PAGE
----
The Natural Order Hypothesis
This hypothesis outlines the way in which grammar is acquired. Krashen believes that there is a natural sequence of acquisition and that we pick up certain rules of grammar before others. For example, English language learners pick up how to use the present tense (-ing), as in “She likes swimming” before the possessive ‘s’, like in “Fumiko’s swim cap is red”.
Takeaway – Take it one step at a time. Sometimes it feels like you’re making lots of progress, other times it feels as though you’ve been stuck at the same point for months. The Natural Order Hypothesis reminds us that, though we can help ourselves along with the right attitude and commitment, sometimes parts of the target language will just take a little time for our brains to process.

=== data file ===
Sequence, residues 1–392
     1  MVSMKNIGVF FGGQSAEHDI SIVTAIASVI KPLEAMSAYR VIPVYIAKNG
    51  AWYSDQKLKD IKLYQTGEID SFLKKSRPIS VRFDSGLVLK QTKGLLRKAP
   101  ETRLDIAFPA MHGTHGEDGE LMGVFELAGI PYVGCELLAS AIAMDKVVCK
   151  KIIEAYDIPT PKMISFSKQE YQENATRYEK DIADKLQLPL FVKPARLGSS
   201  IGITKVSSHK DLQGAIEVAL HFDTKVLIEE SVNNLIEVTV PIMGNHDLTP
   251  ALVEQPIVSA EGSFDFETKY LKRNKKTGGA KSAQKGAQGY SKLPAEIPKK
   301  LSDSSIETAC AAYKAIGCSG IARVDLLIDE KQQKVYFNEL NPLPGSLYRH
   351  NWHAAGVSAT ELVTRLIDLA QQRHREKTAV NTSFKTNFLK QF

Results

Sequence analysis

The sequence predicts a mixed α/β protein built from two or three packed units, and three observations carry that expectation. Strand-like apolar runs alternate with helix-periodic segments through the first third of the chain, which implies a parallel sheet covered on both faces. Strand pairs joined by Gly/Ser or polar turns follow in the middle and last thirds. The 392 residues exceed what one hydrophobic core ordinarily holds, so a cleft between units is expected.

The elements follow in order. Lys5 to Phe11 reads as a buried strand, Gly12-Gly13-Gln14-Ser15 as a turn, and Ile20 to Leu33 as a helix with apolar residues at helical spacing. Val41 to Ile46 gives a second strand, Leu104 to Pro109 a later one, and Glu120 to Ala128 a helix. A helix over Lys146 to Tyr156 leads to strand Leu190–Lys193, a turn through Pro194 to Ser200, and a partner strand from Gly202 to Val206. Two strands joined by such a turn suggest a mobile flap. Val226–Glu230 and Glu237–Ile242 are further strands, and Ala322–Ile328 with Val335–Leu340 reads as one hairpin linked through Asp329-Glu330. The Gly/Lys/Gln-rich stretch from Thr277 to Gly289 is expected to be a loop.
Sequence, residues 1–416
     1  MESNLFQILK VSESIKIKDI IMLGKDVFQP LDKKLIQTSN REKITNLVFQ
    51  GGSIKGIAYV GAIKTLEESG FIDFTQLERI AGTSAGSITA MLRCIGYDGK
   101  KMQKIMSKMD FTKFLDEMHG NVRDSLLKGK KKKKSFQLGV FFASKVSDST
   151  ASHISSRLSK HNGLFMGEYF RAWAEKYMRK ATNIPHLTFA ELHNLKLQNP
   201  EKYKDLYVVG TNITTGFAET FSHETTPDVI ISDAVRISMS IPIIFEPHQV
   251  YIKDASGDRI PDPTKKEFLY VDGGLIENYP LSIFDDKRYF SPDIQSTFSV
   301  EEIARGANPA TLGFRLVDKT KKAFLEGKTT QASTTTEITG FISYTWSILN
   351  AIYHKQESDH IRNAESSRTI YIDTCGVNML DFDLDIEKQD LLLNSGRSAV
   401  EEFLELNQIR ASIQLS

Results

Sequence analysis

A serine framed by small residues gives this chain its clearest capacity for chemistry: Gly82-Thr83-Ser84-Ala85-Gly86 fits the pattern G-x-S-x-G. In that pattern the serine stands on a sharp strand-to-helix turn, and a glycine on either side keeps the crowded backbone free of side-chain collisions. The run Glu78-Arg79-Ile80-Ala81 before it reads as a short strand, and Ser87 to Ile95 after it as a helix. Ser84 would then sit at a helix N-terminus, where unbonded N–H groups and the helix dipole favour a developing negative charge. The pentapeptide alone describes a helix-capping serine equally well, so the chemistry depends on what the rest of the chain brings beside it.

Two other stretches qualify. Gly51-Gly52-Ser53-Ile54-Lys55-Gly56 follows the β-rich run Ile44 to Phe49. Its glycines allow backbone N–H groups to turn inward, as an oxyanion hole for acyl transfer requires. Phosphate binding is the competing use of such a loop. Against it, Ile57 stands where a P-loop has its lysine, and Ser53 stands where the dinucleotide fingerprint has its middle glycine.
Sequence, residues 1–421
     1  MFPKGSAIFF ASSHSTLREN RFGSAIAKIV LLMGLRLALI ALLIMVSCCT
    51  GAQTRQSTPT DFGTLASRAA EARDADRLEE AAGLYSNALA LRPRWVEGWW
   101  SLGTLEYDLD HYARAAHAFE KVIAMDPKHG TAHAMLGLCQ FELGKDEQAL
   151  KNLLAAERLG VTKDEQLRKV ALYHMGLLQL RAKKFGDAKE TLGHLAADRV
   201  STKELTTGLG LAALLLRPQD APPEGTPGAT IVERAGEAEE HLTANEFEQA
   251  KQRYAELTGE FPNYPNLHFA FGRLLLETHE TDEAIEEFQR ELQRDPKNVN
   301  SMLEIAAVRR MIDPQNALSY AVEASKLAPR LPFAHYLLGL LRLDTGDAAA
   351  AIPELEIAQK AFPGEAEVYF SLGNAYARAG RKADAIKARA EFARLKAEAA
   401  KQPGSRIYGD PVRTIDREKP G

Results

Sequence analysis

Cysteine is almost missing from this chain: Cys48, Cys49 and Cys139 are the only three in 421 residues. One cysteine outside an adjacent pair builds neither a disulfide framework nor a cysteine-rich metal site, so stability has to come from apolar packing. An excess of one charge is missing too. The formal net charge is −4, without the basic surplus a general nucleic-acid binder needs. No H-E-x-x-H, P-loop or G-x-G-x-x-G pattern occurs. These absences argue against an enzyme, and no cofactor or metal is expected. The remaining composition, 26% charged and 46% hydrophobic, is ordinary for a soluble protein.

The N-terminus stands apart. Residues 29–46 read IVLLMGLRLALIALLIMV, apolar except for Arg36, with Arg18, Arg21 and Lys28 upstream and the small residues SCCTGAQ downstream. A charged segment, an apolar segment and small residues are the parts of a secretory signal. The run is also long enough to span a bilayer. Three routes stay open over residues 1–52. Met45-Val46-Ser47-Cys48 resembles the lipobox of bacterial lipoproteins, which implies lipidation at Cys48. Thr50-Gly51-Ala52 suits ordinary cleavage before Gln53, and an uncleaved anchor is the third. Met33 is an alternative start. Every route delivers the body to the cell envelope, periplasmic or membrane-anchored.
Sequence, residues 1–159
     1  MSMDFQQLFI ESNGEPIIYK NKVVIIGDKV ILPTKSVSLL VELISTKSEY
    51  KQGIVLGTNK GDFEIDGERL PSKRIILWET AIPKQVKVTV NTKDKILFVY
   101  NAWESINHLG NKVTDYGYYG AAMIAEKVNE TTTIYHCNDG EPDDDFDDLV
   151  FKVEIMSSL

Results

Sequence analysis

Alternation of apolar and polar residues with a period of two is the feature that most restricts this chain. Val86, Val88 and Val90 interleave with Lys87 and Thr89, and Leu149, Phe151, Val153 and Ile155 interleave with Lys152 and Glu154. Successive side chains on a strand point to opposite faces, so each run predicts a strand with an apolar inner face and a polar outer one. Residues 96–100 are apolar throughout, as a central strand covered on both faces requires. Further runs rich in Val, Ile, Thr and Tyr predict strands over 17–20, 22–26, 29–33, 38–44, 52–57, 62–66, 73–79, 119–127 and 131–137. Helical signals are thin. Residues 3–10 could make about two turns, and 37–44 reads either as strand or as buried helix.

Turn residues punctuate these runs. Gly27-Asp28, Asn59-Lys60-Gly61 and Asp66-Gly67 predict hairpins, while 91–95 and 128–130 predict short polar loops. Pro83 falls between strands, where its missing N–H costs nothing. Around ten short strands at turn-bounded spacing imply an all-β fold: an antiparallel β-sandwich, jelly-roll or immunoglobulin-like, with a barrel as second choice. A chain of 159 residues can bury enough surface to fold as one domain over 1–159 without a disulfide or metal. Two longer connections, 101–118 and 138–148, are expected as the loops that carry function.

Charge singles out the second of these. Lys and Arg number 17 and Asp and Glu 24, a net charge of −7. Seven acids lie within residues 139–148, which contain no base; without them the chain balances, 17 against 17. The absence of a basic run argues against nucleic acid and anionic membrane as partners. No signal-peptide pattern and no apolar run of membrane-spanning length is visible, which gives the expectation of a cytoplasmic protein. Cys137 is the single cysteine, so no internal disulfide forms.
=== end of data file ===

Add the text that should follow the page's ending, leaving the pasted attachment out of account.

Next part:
The Affective Filter Hypothesis
Everyone learns better when they are feeling relaxed and comfortable, and language learning is no different. Krashen believes when learners are feeling anxious, that emotion filters the comprehensible input they are learning and makes it more difficult to acquire the language.
This makes sense. We all have memories from school of shrinking into our chairs to avoid catching the eye of our language teacher. If singled out to speak, we might have had to come up with a canned response to a question like “what did you do at the weekend?”, our shaky pronunciation corrected in front of our peers. Not exactly an environment conducive to a positive filtering of the language.
Takeaway – Relax. If your language learning environment is making you anxious, bored or under stimulated, change it for one that works for you. Record yourself speaking and put it online for people to help you with if speaking on front of others terrifies you. The subreddit /r/languagelearning is a good place to get constructive feedback. Go join a conversation group if you’re bored of watching YouTube videos. Do what makes you feel good.